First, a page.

10. Hearing Before the United States Senate Committee on the Judiciary and the United States Senate Committee on Commerce, Science, and Transportation, April 10, 2018 (testimony of Mark Zuckerberg), available at https://www.judiciary.senate.gov/imo/media/doc/04-10-18%20Zuckerberg%20Testimony.pdf. See also, Robinson Meyer, Mark Zuckerberg Says He’s Not Resigning, The Atlantic, April 9, 2018, https://www.theatlantic.com/technology/archive/2018/04/mark-zuckerberg-atlantic-exclusive/557489/ (“Well, I think what we need to do is be more transparent about what we’re seeing and find ways to get independent and outside experts to be able to come in, and contribute ideas on how to address these issues, like things that might be problems,” Zuckerberg said. “And then hold us accountable for making sure we do it.”).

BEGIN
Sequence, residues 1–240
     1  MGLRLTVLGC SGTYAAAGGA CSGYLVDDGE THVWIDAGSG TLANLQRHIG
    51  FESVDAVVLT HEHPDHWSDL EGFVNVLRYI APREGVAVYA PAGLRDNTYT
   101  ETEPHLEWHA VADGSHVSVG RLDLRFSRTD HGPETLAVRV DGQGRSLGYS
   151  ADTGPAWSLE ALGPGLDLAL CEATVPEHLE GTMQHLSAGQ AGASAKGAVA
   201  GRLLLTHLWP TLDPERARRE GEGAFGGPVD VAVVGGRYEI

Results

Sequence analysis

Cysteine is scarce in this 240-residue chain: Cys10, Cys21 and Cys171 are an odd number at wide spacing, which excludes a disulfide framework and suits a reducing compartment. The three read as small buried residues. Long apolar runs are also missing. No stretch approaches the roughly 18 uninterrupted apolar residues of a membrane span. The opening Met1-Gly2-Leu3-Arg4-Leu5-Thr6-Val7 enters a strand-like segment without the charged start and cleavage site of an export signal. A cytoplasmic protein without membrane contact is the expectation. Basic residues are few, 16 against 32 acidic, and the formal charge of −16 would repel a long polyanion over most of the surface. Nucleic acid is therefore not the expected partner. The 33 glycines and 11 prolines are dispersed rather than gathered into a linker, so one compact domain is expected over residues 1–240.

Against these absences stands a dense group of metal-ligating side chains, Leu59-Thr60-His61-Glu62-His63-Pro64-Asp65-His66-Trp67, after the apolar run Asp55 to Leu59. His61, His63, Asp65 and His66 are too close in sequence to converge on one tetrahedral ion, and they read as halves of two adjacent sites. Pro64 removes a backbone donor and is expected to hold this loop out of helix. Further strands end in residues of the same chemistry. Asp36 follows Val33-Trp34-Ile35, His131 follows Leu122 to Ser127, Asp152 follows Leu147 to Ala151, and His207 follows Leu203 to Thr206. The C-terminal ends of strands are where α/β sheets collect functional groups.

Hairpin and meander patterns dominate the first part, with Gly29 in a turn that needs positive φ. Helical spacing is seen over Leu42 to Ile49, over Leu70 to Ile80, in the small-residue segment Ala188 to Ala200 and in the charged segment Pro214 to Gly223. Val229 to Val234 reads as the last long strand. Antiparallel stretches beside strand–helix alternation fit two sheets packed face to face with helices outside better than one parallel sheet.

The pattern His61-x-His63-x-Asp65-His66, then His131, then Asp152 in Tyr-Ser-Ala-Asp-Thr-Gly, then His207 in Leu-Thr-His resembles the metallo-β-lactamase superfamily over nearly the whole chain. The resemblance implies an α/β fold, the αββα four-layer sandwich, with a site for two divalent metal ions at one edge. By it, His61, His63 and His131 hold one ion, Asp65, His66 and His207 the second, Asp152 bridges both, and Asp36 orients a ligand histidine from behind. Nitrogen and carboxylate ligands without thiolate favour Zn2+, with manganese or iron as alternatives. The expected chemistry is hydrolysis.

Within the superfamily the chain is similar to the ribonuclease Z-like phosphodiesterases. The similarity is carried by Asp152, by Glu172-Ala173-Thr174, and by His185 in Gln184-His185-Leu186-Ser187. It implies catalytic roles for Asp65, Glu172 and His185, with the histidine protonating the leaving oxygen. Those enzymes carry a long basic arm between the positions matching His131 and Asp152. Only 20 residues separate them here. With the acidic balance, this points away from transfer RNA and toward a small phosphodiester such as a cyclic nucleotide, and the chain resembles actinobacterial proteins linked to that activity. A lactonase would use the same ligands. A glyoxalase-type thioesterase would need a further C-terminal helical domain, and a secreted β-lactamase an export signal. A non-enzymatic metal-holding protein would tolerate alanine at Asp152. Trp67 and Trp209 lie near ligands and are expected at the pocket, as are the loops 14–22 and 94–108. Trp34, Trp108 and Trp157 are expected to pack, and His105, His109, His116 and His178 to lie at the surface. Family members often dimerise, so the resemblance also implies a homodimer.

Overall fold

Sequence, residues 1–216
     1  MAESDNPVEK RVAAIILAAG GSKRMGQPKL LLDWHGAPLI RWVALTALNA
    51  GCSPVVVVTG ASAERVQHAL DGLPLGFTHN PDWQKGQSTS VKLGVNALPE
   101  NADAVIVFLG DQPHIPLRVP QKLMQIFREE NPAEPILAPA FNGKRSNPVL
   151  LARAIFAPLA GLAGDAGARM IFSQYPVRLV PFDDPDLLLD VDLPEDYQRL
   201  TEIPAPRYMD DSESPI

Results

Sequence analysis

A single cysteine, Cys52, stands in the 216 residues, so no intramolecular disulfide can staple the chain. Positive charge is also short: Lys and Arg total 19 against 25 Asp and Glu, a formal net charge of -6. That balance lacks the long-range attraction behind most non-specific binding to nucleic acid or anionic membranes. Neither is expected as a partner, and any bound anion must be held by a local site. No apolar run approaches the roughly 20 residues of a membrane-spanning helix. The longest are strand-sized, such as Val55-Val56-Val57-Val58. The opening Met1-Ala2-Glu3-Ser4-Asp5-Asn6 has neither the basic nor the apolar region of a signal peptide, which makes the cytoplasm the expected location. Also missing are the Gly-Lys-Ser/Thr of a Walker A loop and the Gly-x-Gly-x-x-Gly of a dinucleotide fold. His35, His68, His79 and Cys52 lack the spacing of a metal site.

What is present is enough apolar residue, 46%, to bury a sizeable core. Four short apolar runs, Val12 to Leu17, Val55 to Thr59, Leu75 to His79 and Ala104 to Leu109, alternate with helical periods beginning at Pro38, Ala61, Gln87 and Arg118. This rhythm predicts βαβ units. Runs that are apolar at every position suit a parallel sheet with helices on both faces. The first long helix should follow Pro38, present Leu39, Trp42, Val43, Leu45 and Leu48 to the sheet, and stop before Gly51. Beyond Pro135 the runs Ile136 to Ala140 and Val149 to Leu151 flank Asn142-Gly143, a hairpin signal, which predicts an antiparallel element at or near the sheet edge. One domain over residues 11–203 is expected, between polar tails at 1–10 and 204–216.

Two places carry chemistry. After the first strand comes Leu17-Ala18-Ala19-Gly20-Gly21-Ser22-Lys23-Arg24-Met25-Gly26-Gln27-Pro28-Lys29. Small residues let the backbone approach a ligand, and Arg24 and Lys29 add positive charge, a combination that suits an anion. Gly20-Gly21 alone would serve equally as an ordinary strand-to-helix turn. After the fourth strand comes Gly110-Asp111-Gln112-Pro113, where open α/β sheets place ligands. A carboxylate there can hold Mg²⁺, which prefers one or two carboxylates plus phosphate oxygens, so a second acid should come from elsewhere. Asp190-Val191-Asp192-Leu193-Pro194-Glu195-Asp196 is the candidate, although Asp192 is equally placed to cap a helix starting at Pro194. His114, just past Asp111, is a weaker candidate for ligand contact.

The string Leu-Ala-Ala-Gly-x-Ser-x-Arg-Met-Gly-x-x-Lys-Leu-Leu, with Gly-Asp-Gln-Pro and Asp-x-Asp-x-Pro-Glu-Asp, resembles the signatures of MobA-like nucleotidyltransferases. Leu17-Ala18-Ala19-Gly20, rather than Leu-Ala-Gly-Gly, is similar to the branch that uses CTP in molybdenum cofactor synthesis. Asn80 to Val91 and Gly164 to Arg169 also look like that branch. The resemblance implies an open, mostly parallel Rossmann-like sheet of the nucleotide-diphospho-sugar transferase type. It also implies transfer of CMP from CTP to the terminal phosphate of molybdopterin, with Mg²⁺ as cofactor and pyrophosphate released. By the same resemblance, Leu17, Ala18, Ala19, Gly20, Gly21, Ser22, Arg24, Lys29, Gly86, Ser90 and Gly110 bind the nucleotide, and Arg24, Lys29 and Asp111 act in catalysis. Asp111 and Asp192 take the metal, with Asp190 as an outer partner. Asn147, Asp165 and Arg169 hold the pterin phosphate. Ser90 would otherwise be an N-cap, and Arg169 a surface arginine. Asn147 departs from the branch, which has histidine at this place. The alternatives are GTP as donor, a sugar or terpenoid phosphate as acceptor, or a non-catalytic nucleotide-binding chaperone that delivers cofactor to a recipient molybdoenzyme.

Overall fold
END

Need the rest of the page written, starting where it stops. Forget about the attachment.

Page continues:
11. Natasha Duarte, Emma Llansó, and Anna Loup, Mixed Messages? The Limits of Automated Social Media Content Analysis, 2018 Conference on Fairness, Accountability, and Transparency, https://cdt.org/files/2017/12/FAT-conference-draft-2018.pdf (“[Proposals to use automated review] wrongly assume that automated technology can accomplish on a large scale the kind of nuanced analysis that humans can accomplish on a small scale….natural language processing (NLP) tools still have major limitations when it comes to parsing the nuanced meaning of human communication, much less detecting the intent or motivation of the speaker.”).